The future free-thinking minister-scientist Joseph Priestley was born in 1733 to a strict Calvinist family, but by his early twenties he was already experimenting boldly with both theology and science. For the purposes of this post, I will be drawing from the an excellent, accessible, and lively introduction to Priestley, Steven Johnson’s 200-page book The Invention of Air. (If that book leaves you interested in learning more, there is also a recent two-volume biography by Robert Schofield from Penn State University Press, but that weighs in at about 800 pages.)
Although Priestley’s name is less well know today, he was quite influential in his own time. As one example, among the 165 letters that Presidents John Adams and Thomas Jefferson exchanged near the end of their lives, “Benjamin Franklin is mentioned by name five times, while George Washington is mentioned three times. Their mutual nemesis Alexander Hamilton warrants only two references. By contrast, Priestley, an Englishman, who spent only the last decade of his life in the United States, is mentioned fifty-two times” (Johnson xiv).
Priestley always wanted to share his insights widely. When the English scientist Isaac Newton wrote his landmark book Mathematical Principles of Natural Philosophy in 1687, he wrote in Latin. In contrast, less than a century later, when Priestley published his highly influential The History and Present State of Electricity with Original Experiments, he wrote in English to make his work more accessible. He also intentionally shaped his book with the goal of inspiring readers to conduct further experiments themselves. He wanted readers to see that they too could become scientists and further advance the frontiers of knowledge (34).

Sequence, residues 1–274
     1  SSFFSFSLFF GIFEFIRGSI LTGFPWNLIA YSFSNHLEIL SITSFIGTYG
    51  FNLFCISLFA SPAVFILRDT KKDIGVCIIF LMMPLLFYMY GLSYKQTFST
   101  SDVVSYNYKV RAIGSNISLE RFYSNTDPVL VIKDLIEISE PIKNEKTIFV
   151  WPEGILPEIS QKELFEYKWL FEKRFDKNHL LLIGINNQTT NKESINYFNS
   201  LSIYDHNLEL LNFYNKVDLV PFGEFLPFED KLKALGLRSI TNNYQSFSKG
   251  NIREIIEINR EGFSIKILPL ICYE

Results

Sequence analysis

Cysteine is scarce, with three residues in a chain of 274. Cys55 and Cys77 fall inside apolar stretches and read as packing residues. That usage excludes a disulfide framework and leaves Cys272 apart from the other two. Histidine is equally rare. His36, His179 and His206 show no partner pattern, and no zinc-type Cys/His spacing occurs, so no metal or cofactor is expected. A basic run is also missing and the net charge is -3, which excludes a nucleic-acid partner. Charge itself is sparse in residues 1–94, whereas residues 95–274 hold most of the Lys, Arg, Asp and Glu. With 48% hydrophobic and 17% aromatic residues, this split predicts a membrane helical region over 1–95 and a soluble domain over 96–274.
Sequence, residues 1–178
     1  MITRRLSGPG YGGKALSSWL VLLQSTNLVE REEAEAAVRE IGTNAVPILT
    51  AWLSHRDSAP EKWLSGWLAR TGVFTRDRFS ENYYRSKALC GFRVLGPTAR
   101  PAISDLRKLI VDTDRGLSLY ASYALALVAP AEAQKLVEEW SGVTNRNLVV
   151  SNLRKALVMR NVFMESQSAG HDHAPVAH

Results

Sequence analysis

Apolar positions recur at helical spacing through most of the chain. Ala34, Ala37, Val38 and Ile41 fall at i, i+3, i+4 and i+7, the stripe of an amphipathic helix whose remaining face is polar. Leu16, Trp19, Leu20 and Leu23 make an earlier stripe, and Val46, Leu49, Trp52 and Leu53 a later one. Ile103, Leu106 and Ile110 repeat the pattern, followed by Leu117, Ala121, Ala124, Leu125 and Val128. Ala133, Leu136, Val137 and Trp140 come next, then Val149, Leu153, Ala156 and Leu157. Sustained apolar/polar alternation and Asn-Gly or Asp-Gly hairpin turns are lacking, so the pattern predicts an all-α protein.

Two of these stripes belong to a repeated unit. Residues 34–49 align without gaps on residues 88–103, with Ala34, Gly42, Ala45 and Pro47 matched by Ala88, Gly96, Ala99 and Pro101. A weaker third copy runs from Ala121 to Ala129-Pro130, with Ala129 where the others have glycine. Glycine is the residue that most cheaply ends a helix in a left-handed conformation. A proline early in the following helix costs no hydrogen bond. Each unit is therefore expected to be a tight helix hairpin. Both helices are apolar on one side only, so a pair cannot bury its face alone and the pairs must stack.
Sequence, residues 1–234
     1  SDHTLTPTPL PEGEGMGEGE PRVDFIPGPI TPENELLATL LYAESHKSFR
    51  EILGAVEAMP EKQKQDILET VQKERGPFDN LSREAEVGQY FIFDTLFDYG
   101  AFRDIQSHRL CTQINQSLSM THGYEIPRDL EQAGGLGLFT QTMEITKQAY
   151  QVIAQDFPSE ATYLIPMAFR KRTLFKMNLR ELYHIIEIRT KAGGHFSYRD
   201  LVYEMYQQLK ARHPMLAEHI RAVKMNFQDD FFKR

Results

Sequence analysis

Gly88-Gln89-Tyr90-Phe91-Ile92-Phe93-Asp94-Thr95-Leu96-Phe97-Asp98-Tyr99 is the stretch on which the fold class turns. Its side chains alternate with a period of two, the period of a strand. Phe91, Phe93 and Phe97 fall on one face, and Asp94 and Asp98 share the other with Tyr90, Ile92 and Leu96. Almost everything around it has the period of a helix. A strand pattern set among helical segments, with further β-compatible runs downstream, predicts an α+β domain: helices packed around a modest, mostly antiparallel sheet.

Priestley was also fully transparent that his own discoveries were less a result of genius and much more from persistent trial-and-error (29). And speaking of experimentation without guarantee of positive results, the story of Benjamin Franklin flying a kite in a thunderstorm comes from Priestley’s history of electricity. “Franklin himself had only published a brief third-person account of his experiment in the Pennsylvania Gazette, without specifying that he himself had performed it…. But he willingly gave Priestley extensive details on the event” (27).
Unfortunately, Priestley’s full transparency meant that he was a much better scientist than he was an entrepreneur. For instance, he discovered a method for carbonating water:
Think of the untold trillions of dollars that have been generated by the invention of soda water, and yet Priestley happily revealed his formula in letters, pamphlets, and dinner party chatter to anyone who would listen…. A certain Johann Schweppes fared better in this regard, patenting a method of carbonating water in 1783…. (52)